updated 10/26/2005 8:56:13 AM ET 2005-10-26T12:56:13

Upstairs from the Natural Selections gift shop is what directors of the Museum of Natural History at the University of Kansas believe will be the latest word in an ongoing ruckus over evolution.

The "Explore Evolution" exhibit is part of a six-university program to educate the public about evolution and its role in explaining the natural world.  The exhibit opens to the public Nov. 1, with the money coming from a $2.8 million National Science Foundation grant.

Although planning for the project has taken four years, it is debuting as evolution's place in science classrooms is being debated in Kansas, a federal trial in Pennsylvania and even at the White House.

Leonard Krishtalka, director of the university's biodiversity institute, described evolution Tuesday as the "single-most unifying concept" in evolutionary biology.  The exhibit demonstrates that evolutionary concepts are woven into numerous scientific disciplines.

"It's not a textbook on evolution," Krishtalka said, during a museum preview for reporters.  "This exhibit isn't designed to convert anyone."

The exhibit fills a display gallery in Dyche Hall on the Lawrence campus.  Hanging across the entry for the exhibit is a giant mosasaur, a lizard that lived in the inland sea that covered Kansas 65 million to 90 million years ago.

Seven stations describe scientists' research around the globe and the importance of evolution in understanding the mutation of diseases, such as HIV, and the relationship between humans and chimpanzees.

Exhibits also are planned for or have opened at the universities of Michigan, Nebraska, Oklahoma and Texas, as well as Minnesota Science Museum in Minneapolis.

Krishtalka said all visitors are welcome, though he expects that some, including advocates of intelligent design, will come looking to debate evolution.  Intelligent design — a concept Krishtalka calls "creationism in a cheap tuxedo" — says some features of the natural world are best explained by an intelligent cause.

"If there are any debates, I'm sure they will be done informally," he said, adding he expects intelligent design advocates to leave literature at the exhibit criticizing evolution.

Earlier this month, John Calvert, a retired Lake Quivira attorney who helped found the Intelligent Design Network, called the exhibit "in-your-face evangelism," designed to promote evolution as a creed.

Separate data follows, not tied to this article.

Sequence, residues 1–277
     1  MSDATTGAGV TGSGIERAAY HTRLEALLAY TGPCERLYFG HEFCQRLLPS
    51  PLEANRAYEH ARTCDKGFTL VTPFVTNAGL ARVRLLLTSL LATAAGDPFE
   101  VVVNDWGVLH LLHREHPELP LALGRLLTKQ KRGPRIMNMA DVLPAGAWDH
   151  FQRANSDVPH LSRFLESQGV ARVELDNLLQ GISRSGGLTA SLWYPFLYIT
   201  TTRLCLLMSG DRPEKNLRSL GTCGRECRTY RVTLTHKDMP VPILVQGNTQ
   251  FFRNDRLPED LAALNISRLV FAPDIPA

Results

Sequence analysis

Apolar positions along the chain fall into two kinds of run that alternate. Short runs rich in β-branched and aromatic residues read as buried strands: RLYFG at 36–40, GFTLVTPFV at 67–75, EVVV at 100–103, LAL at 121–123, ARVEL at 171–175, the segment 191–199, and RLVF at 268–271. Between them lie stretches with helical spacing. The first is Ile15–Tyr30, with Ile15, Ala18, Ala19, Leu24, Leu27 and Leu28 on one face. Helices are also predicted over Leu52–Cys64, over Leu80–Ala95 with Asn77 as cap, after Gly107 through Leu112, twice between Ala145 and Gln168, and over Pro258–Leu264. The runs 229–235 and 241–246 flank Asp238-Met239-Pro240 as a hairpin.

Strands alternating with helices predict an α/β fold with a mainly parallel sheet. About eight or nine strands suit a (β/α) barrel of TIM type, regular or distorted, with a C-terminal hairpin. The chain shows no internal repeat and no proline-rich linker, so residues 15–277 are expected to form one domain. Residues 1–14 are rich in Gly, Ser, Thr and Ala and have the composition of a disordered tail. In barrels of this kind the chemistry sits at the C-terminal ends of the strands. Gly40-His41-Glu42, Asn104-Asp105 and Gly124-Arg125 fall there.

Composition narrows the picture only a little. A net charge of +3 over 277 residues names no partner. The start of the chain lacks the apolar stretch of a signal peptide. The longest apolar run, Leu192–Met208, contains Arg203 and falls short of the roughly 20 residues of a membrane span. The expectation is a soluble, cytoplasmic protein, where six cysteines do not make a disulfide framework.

Krishtalka said he had no trouble with a discussion of evolution among educators but added that science seeks natural explanations for the history and development of the universe.  He said religion seeks to give humans a sense of purpose in that universe.  "One is science; one is not," he said.

Next month, the State Board of Education is expected to adopt revised science standards reflecting skepticism of evolutionary theory. Its conservative majority contends it's promoting a balanced view of evolution.

But Krishtalka said the conservatives are wrong to let their religious and political leanings interfere with good science for the second time in six years.

In 1999, a conservative-led board removed most references to evolution from the state's science standards — a decision reversed two years later.

"Much of science has many unanswered questions.  But that's no reason to throw up your hands and say some supernatural force must be at work," he said.

A poll in August suggested a majority of Americans believe creationism should be taught with evolution in schools.  Krishtalka said such views show that science has failed to properly educate students.

President Bush has endorsed teaching intelligent design alongside evolution.  But in Pennsylvania, a trial is underway in a federal lawsuit filed by parents against a school district that required teachers to read a brief statement referring students to an intelligent-design textbook for information about "gaps" in evolutionary theory.

Kansas Board of Education Chairman Steve Abrams, said he's not worried about whether the exhibit will be slanted and is not sure it will influence the debate.

"I think anytime that you can combine history and a little bit of education, I think it's a great opportunity," said Abrams, an Arkansas City veterinarian.  "I've been to exhibits like that many times in the past.  I've enjoyed them."

Copyright 2005 The Associated Press. All rights reserved. This material may not be published, broadcast, rewritten or redistributed.

Discuss:

Discussion comments

,

Most active discussions

  1. votes comments
  2. votes comments
  3. votes comments
  4. votes comments